Festung Krakau

When three European powers – Russia, Prussia, and Austria – concluded the first partition of Poland in 1772, they seemed to be acting in unison. Nevertheless, it is no secret that what works best in politics is the principle of limited trust.

Following on from the partition, the Austrians – faced with the proximity of the Prussian and Russian borders – began the construction of defensive structures around Kraków, immediately after they captured the city in 1796. The large-scale works commenced in 1850, when the Austrian Emperor Franz Joseph I decided to turn the city into a fortress. This is how the Festung Krakau (German for “the fortress of Kraków”) – the largest stronghold in this part of Europe – began. It was developed as a system of 176 sites: forts, shelters, gates, entrenchments, batteries, barracks, and military hospitals arranged into three rings in an area that exceeded 500 square kilometres (200 sq m) in Kraków and around the city. They were connected by a network of lateral roads, which guaranteed efficient communication, and in the years to come would become the main streets of Kraków, as for example, the arteries of Lubicz and Mogilska, and Starowiślna and Wielicka.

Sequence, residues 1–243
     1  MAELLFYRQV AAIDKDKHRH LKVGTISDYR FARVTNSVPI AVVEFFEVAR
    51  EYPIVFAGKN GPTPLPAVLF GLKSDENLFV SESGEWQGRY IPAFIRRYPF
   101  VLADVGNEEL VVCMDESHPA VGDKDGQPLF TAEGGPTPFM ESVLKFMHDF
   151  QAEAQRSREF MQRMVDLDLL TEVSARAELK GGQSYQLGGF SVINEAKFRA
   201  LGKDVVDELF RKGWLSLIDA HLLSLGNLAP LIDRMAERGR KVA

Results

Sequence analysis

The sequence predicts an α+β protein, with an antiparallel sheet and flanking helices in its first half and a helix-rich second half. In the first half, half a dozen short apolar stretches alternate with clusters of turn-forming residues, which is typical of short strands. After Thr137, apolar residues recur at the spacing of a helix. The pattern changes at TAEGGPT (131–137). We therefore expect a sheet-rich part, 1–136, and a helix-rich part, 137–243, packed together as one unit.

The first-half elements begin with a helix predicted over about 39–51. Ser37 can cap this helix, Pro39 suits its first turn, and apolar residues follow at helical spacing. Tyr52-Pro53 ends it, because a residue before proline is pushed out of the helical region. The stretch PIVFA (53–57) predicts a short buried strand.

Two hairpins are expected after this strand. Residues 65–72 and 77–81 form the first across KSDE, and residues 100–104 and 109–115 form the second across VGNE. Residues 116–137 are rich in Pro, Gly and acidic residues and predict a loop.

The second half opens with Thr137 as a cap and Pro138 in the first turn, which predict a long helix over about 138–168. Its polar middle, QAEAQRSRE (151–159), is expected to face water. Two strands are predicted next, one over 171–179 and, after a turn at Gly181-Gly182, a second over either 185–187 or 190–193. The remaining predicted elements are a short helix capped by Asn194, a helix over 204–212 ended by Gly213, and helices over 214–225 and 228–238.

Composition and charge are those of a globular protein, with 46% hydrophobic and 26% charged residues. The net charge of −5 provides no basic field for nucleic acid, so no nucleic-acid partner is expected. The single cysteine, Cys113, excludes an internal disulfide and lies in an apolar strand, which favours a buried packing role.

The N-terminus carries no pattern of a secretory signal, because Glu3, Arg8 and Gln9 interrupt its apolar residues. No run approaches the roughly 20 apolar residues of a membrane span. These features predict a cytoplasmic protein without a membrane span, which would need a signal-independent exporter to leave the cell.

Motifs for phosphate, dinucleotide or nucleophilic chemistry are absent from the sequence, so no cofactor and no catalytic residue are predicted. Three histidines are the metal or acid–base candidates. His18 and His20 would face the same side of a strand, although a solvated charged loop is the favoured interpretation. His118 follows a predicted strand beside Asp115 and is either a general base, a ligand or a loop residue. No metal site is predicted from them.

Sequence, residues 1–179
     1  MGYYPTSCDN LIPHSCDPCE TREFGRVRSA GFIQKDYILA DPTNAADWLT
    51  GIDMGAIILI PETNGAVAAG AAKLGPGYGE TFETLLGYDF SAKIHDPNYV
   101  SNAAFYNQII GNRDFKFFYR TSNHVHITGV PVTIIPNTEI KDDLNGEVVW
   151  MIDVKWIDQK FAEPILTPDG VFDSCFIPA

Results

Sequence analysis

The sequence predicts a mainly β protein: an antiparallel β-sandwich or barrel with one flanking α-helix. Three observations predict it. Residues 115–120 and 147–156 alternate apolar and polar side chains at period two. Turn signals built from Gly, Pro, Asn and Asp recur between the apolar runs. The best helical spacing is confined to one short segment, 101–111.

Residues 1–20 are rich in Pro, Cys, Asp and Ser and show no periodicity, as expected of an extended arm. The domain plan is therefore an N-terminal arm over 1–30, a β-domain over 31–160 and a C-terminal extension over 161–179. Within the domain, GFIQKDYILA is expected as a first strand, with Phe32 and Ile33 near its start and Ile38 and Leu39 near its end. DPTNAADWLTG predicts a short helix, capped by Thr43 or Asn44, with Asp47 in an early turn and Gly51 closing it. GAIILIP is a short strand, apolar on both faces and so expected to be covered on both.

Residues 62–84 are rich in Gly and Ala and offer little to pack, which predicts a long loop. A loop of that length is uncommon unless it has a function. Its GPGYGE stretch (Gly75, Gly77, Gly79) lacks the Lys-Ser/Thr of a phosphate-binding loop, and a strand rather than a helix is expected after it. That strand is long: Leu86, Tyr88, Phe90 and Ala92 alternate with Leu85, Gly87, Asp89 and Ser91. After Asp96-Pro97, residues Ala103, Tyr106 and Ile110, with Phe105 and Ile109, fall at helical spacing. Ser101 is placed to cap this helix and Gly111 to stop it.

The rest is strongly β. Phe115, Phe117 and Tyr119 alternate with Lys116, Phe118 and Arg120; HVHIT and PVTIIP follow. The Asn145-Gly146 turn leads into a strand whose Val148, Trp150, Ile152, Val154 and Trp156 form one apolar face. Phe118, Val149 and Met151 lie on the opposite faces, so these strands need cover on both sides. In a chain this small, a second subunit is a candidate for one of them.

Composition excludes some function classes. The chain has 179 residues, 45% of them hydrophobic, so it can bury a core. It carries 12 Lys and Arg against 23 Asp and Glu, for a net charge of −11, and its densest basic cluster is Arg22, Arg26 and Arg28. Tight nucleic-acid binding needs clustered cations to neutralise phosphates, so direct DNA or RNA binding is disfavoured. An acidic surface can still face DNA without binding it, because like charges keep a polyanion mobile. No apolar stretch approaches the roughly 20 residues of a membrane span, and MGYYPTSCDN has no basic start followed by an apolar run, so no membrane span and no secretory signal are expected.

Some parts of the once mighty Fortress of Kraków have not survived, yet the Austrian fortifications can still be seen encircling Wawel Hill, lying in wait around the foot of Kościuszko Mound, on Lasoty Hill (St Benedict Fort in Podgórze), in Kleparz (where the fort houses a popular music club), and on Sowiniec Hill where Fort Skała (The Rock) is today home to the Astronomical Observatory of the Jagiellonian University). All the elements and sections of the fortification (around 100 various military installations altogether) are today connected by the foot and cycle path known as the Kraków Fortress Route.

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